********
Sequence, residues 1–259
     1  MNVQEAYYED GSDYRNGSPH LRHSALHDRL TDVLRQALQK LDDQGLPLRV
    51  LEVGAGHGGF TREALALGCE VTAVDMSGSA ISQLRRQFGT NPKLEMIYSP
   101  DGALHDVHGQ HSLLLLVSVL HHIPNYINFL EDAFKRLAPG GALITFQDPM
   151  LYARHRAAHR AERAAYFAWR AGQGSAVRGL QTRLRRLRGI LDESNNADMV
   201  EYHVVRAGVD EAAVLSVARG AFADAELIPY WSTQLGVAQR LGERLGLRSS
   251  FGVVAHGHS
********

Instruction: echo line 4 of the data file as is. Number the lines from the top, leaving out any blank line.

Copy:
   101  DGALHDVHGQ HSLLLLVSVL HHIPNYINFL EDAFKRLAPG GALITFQDPM